A couple of months ago I was contacted by BBC Drama. They had recently started shooting the second series of The Paradise, a period drama set in the North East of England.
The Art Dept had just got hold of the script to find that episode 7 involved a wet plate photographer. They were now looking to hire a period specific studio camera and associated equipment. They also asked if I could act as photographic consultant for the episode as it was all a little last minute.
I’d never worked on a television set so of course I was happy to help. Although I had to keep it all a secret till it had been aired! Thats pretty difficult.
I was needed for six days over two sessions, they put me up in a hotel that was nearest to the filming location, Lambton Estate.
Here’s my Watson whole plate studio camera and stand on the set, along with some of the art departments prop reflectors etc.
Screen grabs are from the BBC iplayer. Available here.
This opening scene is, hopefully, the only time I made a bit of a fool of myself. They empty the set of crew, and just have the Director and cast, I was asked to stay to make sure the actors interacted with the camera correctly. I sat myself down in the window seat at which point Ben Daniels, who plays Tom Weston, looked directly at me and said “So this collodion apparatus, is it an improvement on the Daguerreotype?”, to which I replied, “Thats a very good question….” The Director promptly shouted “Shut up!” I only then realise they were running through the script. Daniels gave me a cheeky wink and they had to start again. Oops.
One early contribution I made, was originally the script called for Mrs Weston to be seated in the centre for the portrait. I suggested that it would be more accurate if Mr Weston was seated with his wife and child standing. This also worked much better with the story line and script.
The big reveal, above and below, are digital mock ups. Although I hadn’t been contracted to shoot wet plate I did take some spare chemistry and kit just in case the opportunity arose. I was asked if it would be possible to shoot the scripted portraits. I only had my trial “Poe Boy” collodion recipe with me but we gave it a go. At first I was given these tungsten work lights, not much use for wet plate, then the lighting guys set up an Arri head which was really bright if not a little too harsh. Exposures were still 20 seconds. The supporting cast did really well considering the bright light and length of exposures. They got to keep their plates at the end of the episodes shooting. The majority of final images seen in the episode are made up of digital reproductions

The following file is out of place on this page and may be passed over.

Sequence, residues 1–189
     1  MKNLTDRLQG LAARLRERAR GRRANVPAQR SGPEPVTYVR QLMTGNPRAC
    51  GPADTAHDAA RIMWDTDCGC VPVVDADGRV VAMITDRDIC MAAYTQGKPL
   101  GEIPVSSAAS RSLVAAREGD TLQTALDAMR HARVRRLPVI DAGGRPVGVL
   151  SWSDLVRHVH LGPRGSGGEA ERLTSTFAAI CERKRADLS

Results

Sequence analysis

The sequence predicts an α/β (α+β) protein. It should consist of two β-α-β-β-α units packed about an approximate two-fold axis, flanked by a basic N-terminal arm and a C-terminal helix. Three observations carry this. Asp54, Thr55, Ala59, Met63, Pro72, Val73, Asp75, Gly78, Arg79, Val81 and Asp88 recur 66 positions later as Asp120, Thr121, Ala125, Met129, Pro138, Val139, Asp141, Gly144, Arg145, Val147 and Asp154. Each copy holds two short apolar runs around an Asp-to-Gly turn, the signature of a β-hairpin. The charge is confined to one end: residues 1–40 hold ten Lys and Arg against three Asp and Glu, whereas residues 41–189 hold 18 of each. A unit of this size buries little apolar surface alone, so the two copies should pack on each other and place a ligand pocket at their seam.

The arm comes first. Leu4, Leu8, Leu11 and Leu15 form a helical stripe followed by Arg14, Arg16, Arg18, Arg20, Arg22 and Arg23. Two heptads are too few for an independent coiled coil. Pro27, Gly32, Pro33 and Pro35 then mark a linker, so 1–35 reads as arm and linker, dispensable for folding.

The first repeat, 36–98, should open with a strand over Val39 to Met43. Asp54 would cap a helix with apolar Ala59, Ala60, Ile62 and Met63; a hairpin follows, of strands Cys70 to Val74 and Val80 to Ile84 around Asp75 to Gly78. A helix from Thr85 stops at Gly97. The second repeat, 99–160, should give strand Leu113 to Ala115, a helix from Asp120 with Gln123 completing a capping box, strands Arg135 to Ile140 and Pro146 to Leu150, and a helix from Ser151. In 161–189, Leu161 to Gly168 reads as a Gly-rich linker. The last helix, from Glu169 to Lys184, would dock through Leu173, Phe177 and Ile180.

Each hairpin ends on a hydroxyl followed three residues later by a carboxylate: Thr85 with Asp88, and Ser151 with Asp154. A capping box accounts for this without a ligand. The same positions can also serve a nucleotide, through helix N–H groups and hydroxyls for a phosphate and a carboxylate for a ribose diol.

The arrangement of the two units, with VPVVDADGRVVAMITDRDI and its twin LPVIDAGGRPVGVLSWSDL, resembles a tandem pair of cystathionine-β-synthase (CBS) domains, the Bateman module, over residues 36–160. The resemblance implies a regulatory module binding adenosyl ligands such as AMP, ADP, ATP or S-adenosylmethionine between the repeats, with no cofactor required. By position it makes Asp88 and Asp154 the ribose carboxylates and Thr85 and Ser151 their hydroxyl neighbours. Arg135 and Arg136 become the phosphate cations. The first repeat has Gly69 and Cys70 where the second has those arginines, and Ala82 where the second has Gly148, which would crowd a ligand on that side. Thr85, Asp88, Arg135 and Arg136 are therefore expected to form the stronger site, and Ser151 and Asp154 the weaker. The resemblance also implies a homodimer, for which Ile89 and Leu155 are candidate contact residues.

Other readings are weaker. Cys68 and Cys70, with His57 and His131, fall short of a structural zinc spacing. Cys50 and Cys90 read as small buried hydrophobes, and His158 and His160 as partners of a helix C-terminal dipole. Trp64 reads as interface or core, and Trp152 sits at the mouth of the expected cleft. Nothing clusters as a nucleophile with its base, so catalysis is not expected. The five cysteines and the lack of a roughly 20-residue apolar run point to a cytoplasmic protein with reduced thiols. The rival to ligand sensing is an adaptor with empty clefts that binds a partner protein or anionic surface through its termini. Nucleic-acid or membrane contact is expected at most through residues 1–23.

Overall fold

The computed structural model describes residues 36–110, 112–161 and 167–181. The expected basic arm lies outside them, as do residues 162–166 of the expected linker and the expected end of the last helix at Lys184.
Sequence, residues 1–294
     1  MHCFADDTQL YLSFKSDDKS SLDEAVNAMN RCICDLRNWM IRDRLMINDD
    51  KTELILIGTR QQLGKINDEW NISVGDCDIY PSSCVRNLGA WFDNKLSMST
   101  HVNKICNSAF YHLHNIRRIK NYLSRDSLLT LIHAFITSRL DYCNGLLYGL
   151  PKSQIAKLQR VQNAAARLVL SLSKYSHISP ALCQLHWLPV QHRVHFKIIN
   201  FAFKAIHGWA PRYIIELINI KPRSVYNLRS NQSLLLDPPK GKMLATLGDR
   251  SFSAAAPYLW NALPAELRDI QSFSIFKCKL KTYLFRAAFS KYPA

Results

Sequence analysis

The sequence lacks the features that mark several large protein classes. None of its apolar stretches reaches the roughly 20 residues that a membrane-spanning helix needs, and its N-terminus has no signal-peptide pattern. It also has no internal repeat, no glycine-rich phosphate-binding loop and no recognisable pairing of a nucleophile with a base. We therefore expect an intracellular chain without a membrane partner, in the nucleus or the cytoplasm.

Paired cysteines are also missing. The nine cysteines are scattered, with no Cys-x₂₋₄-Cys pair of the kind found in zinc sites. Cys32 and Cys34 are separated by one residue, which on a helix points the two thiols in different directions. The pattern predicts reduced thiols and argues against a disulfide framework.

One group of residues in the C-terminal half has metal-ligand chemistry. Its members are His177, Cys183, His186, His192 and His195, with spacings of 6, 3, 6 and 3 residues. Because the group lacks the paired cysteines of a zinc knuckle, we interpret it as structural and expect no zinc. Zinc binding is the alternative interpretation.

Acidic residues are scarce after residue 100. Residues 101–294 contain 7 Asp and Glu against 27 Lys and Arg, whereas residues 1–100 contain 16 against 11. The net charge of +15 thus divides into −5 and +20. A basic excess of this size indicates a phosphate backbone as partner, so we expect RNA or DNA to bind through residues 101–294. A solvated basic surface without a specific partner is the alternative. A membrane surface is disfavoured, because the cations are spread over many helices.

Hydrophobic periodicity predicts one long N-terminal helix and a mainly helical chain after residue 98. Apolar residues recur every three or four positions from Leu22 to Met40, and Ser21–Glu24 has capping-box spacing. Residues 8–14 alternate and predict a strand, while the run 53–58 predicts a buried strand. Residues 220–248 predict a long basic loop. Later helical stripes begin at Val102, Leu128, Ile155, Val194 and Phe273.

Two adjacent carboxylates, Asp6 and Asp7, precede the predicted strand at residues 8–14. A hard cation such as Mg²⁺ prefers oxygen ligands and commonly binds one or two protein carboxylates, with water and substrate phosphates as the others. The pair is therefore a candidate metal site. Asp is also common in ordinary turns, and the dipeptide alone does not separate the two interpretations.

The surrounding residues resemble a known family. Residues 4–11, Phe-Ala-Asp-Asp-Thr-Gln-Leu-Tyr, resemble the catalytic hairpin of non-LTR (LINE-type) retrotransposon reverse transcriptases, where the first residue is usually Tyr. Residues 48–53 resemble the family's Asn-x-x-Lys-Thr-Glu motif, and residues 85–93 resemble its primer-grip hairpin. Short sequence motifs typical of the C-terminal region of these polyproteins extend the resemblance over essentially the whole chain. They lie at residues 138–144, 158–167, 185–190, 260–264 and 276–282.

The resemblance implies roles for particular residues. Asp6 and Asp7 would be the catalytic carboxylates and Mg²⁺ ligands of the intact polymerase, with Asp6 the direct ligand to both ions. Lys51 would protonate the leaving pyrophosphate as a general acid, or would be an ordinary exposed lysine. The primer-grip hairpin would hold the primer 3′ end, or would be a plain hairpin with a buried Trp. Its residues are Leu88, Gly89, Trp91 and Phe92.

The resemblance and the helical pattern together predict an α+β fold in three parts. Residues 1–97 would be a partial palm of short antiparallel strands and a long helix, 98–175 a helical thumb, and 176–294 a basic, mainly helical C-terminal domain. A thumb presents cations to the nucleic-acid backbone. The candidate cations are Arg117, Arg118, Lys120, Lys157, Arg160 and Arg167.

When I moved on to shoot the main cast I’d been upgraded to some huge Arri lights, they were massive but so bright they had to be a good 15+ feet from the subject. Exposures were still a good 10 seconds at f4. I still have these plates if any of the cast would like them. Just drop me an email and I’ll get them to you.
Keith, the Art Director, doing his best to be a ghost for an attempted spirit plate.
A Steadycam, it really should be renamed heavycam! For me whats amazing is that when I watch the episode I can now appreciate whats going on just off screen, the hidden lights and cables, the attention to detail with lighting/sound and the huge number of crew that it takes to make this all happen.
The image above shows a faked plate, this was acetate and acrylic, the art dept had made several different stages of a plate giving the illusion of development/fixing. These scenes were cut, a shame considering how much work the art department put into it.
The mobile darkroom, “darkbox”, that took the carpenters a few days to make. It had fold out sides as the script included scenes where some of the cast were under the black out cloth looking at the plates being developed and therefore they had to be able to get a tv camera in there somehow!
Its a small wet plate world, some of Betsy Reeds paperwork from Lacock Abbey, she had recently been artist in residence there, visiting from the USA.
The set itself was fantastic, the first day I had an aching face from smiling so much. Its amazing what they can make from timber an mdf.
Stop looking now you think it’ll spoil the illusion…..
When I had chance, I shot a few street scenes. These are 5×7 tintypes and clear glass ambrotypes.
Taken with the “Poe Boy Collodion” recipe I had recently mixed and wasn’t too impressed with, for some reason it didn’t like developer (of any recipe) flowing over it.
I did wonder how it would all look once it had been edited. Granted, Christian Cartwright would have been a very fast wet plate photographer, although it was assumed he’d have an “off camera” assistant doing all the prep and dev, with Cartwright being handed the plate holder to shoot, as was often the case. Also theres a pseudo shutter sound after each screen photograph. As this camera has no shutter, just a lens cap, I’m sure my wet plate colleagues around the world will delight in pointing out. “Artistic License” and “Smoke and Mirrors” seem to be terms that crop up quite often on set but I’m happy to say it looks like it worked out really well. I might be a little biased but I think its the best episode yet!
Thanks to everyone in the Art Dept for making me feel so welcome when I arrived, and also to all the crew and cast, I had a very informative and enjoyable time.
Thanks also to Richard Cynon Jones for passing my details on to the BBC.